At this point, two light bulb-shaped questions may already have sprung to life:
One: Is consumer generated content truly important enough to single out and put forward to marketers as must-haves? Aren't there enough new-new (for example, the recent cover of Business Week on how blogs will change your business) and next-big-thing headaches on your plates already?
Two: Why call it content, as opposed to advertising or media?
Why Consumer Generated Content? Why now?
Think about it for a moment: consumers as willing participants in the "communication" process. It's sublime. It's special. Ignoring it is only half of the mistake we might make; not capitalizing on it is the other half.
Think about it some more. Why wouldn't consumers want to interact, volunteer, participate and create around the brands and campaigns they love to love, love to hate, hate to hate and just plain and simply despise?
Brands are part of our lives. Always have been. Always will be. Sure, some will disappear into the ether of commoditization. There will always be those who purchase purely on price, but for every consumer motivated by their heads, there will also be those driven by their hearts.
The cola wars demonstrated the quintessential difference between rational and emotional drivers: it didn't matter if Pepsi tasted better than Coke. What mattered was how the outside (product) made consumers feel on the inside (positioning). Loyalty clubs, frequent flyer programs, merchandising in the form of premium fan clubs or gift stores -- all are examples of how brands have successfully extended their relevance from the stores into our lives.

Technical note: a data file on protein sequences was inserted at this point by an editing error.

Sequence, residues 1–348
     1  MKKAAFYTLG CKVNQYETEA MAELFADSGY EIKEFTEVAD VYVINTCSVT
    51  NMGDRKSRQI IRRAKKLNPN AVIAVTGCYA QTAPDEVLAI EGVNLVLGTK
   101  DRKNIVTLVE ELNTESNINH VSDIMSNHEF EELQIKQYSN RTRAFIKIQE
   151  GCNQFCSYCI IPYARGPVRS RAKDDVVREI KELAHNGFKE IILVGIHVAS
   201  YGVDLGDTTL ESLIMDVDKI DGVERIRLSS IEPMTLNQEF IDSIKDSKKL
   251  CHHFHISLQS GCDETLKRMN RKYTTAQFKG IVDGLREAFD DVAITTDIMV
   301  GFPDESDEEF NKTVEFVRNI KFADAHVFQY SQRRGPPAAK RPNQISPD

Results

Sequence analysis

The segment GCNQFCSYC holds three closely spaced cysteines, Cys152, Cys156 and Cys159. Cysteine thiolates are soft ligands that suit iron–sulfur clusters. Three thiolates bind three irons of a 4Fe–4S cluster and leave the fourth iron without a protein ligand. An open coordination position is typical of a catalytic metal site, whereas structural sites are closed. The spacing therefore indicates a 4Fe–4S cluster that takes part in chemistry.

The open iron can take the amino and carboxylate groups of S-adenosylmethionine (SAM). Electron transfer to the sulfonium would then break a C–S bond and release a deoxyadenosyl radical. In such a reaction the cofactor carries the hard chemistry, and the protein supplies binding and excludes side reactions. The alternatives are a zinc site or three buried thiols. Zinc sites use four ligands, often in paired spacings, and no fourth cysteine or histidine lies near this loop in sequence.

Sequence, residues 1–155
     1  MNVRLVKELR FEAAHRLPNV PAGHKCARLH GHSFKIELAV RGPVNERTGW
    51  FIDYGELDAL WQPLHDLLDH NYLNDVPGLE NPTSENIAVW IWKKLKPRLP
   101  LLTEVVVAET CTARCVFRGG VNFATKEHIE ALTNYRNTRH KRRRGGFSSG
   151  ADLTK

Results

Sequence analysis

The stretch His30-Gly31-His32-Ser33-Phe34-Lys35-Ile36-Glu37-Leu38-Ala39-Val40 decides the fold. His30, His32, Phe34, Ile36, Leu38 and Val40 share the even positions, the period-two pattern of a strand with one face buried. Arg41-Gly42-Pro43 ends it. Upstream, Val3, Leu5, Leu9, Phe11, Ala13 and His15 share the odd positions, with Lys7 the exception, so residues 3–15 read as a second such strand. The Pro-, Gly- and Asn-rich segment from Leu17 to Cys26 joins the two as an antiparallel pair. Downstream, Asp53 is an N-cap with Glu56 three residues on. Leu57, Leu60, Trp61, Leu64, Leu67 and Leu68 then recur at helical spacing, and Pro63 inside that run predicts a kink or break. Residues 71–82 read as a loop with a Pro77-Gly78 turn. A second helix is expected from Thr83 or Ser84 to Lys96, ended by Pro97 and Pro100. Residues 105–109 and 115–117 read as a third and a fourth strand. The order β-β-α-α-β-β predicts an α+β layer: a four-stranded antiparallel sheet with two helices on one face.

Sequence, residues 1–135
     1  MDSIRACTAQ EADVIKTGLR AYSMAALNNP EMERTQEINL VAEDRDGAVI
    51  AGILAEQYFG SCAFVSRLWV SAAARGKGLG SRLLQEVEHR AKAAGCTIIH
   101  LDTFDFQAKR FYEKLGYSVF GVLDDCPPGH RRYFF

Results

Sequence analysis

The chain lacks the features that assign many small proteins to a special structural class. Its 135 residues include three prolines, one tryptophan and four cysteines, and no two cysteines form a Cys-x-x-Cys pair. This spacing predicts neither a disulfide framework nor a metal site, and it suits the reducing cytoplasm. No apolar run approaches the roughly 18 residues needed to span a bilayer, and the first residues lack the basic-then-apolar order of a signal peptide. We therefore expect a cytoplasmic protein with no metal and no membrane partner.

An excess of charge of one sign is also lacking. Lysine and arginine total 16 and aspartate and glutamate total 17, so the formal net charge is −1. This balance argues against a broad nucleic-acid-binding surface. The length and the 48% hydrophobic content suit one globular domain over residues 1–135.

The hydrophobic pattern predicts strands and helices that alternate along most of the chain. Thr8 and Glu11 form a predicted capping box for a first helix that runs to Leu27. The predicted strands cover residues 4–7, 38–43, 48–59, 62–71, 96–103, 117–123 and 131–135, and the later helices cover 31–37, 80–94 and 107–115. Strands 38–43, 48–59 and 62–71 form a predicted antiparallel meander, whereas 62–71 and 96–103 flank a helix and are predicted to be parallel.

Why then should advertising be any different? Advertising is a vital part of the connections or bridges (call them touchpoints if you must) between brand and consumer. Besides the moment of truth in the form of the store or website visit, and ultimate purchase, it is the only other formalized moment or time where some kind of exchange occurs between sender and receiver (that, and word-of-mouth…read on).
And up until now, this process was an exclusive club -- a marketing monarchy or autocracy if you will -- where marketers controlled the when, where, what and how; the exposure place and time; the medium and the message.
Not any more.
The ultimate network
Consumers have found their voices. And they like the sound of them too. Not coincidentally, this happened at (or at least was propelled by) the same historical moment when the internet (or taking a step back, technology) found a place in our homes, cubicles and lives.
Technology put the "ism" into "consumer." Today, through iMovie, Movie Maker, blogs, email and a host of related devices, consumers have created the ultimate network -- a network far greater than NBC, CBS, ABC and Fox combined -- the network where word of mouth meets word of mouse; a no-spin zone where authentic brands are rewarded and fake brands (and their empty promises) are punished.
Examples abound. From MoveOn.org to George Masters' iPod Ad; from a Nike Ad I created after Tiger Woods most recent Masters' win to Visa's Ideas Happen; from Jib Jab to Jib Jab Jobbed; from the Converse Gallery to the American Express/Tribeca Short Film Festival on Amazon.com to Project Greenlight.
And here's the somewhat controversial part: the rise of consumer generated content has been necessitated -- or if not necessitated then certainly accelerated -- by the dearth of originality in the space from the (so-called) traditional (so-called) creative agencies.